Typical Orthopaedic Surgeries
- What Is Arthroscopy?
This is a surgery done through tiny incisions ("poke holes") about ˝”
each. A tiny telescope-like device attached to a camera is inserted and
allows the physician to see the inside of joints. The arthroscopy allows
the physician to see a magnification up to 40 times. Small biters,
shavers, and other tools can be use to clean up or repair tears in
menisci, ligaments, etc. Using arthroscopy, the physician can often see
more detail than with open surgery. The small incisions through muscle
causes less pain than larger ones and provides a quicker rehabilitation
- What is a Rotator Cuff Repair?
The rotator cuff (see above) is reattached to the upper arm bone (the
humerus). This is most often done with stitches attached to plastic, or
metal tacks, or screws. The tacks or screws are placed in the bone and
the stitch is placed through the torn part of the rotator cuff so the
rotator cuff is now attached again to the bone. Patients with this
condition are usually in a sling for about 4 weeks and cannot do any
lifting for about 6 weeks.
- What is ACL Reconstruction?
A variety of tissues/structures can be used to reconstruct/replace the
ACL. The most common are the patellar tendon in the front of knee and
the hamstring tendons in the back of the knee. Your own tendon (autograft)
or one from a cadaver (allograft) can be used. Your body essentially
uses these tendons as "scaffolds" to show it where to "grow" a new
ligament. First, blood vessels grow in and then new ligament cells
follow. That is why when autograft is used, the new "ligament" is
actually the weakest from 4 to 6 months after surgery, when the blood
vessels and the cells are still "growing." When an allograft is used, it
takes longer for blood vessels and the cells to start growing- sometimes
years. Usually, a long leg hinged brace is used for the first 6 weeks
and crutches for the first 2 to 4 weeks. Physical therapy is an
important part of the recovery process and is started immediately. Dr.
Dunbar typically allows patients to start a running program around 4
months after surgery, start light sports at 6 months, and return to full
sports around 8 to 9 months after surgery.
- What is Open Repair of Ankle Fractures?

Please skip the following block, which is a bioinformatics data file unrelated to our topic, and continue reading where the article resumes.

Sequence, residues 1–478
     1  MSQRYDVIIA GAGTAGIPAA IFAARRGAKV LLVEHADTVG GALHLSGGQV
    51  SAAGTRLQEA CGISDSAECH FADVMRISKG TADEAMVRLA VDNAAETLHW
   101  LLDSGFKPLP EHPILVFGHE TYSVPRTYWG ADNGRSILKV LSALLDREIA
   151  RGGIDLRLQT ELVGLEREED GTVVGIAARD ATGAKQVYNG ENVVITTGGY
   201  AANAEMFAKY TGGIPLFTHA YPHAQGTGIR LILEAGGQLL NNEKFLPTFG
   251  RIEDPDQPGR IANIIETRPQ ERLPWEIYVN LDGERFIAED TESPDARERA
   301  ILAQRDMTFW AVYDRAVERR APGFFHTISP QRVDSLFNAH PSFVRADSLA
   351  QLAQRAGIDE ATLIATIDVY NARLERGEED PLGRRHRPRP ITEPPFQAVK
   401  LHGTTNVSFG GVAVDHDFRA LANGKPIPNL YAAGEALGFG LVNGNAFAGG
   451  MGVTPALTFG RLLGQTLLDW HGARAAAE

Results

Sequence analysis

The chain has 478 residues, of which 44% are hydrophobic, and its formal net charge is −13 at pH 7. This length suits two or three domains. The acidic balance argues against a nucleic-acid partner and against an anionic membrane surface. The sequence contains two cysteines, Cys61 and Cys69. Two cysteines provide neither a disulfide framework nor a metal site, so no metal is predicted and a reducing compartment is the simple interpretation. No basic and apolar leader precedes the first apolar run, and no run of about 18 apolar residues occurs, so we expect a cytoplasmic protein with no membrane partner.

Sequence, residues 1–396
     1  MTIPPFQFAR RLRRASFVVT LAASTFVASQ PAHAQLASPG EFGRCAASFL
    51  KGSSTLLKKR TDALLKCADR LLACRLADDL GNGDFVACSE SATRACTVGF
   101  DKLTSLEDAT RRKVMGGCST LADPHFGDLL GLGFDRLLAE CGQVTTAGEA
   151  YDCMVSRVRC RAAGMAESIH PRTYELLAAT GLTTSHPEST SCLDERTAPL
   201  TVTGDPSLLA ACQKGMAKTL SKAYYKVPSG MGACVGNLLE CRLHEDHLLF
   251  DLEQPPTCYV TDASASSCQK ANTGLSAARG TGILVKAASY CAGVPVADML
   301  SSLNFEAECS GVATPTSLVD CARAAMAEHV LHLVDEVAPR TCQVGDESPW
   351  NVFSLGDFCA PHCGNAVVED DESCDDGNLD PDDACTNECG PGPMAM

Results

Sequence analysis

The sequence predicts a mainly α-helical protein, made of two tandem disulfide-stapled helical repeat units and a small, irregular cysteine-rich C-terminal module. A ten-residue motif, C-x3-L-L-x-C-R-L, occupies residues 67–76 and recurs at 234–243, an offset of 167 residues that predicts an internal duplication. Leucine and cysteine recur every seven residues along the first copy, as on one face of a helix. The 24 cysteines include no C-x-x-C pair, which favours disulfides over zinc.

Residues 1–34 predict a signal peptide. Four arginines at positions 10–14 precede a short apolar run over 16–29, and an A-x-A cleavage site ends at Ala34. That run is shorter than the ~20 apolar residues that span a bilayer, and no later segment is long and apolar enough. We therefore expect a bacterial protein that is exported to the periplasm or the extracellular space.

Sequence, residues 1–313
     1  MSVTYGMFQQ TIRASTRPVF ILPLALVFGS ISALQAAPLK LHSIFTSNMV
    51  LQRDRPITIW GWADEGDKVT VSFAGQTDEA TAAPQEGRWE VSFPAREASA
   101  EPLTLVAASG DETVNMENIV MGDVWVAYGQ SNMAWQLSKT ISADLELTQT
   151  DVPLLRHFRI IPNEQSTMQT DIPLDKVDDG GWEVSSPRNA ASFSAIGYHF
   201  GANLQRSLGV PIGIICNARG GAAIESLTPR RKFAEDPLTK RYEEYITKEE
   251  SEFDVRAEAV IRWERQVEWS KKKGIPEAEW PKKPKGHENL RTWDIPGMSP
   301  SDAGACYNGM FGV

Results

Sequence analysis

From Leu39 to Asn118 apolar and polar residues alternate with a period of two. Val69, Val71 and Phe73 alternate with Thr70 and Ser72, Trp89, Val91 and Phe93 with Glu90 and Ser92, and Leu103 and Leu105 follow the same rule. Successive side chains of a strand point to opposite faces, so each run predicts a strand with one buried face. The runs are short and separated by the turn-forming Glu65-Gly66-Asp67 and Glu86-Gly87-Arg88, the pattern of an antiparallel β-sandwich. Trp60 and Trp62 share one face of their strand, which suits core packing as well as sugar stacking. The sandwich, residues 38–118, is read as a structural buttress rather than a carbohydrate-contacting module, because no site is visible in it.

There are three malleoli in the ankle, which are the prominences (or
bumps) you see on the inside and outside of the ankle. The one on the
inside is the medial malleolis which is part of the tibia or shin bone,
while the one on the outside is the lateral malleolis and is part of the
fibula or smaller bone in the leg. The posterior malleolis is a bump on
the back of the tibia or shinbone but you cannot see it from the
Ankle fractures almost always involve the ankle joint. If the bone is
out of place and heals without the joint surface being smooth, it can
act like sandpaper and wear away the cartilage, thus leading to
arthritis. That is why surgery is often done for ankle fractures. A thin
plate and screws are often used on the lateral malleolis (fibula), and
screws and pins are usually used to fix the medial malleolis. The
posterior malleolis may or may not require a screw to fix it. After
surgery you may be in a splint, a cast or a fracture boot.
One of the other advantages of surgery for an ankle fracture is that you
can usually start moving the ankle sooner. This may help prevent
stiffness during the recovery process.
- About Wrist Fractures
Wrist fractures can be treated in a variety of ways depending on whether
they are "in place" or "out of place," and whether they involve the
joint. Fractures that are completely "in place" are usually treated with
a cast or brace. Fractures that are "out of place" or involve the joint
may require manipulating the bone back into place. Successfully holding
the bone in place may require a cast, pins, plate and screws or an
external fixator. An external fixator is a device in which pins are
placed through the skin and through the bone at places away from the
fracture. Bars connect the pins and keep traction across the fracture
which keeps the bone from collapsing back out of place. While this may
look odd or scary, it actually helps in the same way as if the doctor
were walking around with you trying to keep the fracture in place while
holding the bone.
- What is Carpal Tunnel Syndrome?
In this procedure, the top of the tunnel is opened up to release the
pressure on the tendon and nerve. This allows the nerve to shrink back
to its normal size. Depending on how much damage has already been done
to the nerve, you may or may not have all of your symptoms go away. Pain
usually goes away right away, but full feeling and strength may never
return. The surgery is done as an outpatient and often with just a local
- What is "Trigger Finger" Release?
In this surgery the pulley is cut and allowed to heal in a more
opened-up position like a "drawbridge." (This is also like letting out
the waistband of those shrunken jeans!) This is usually done as an
outpatient procedure and often with a local anesthetic.
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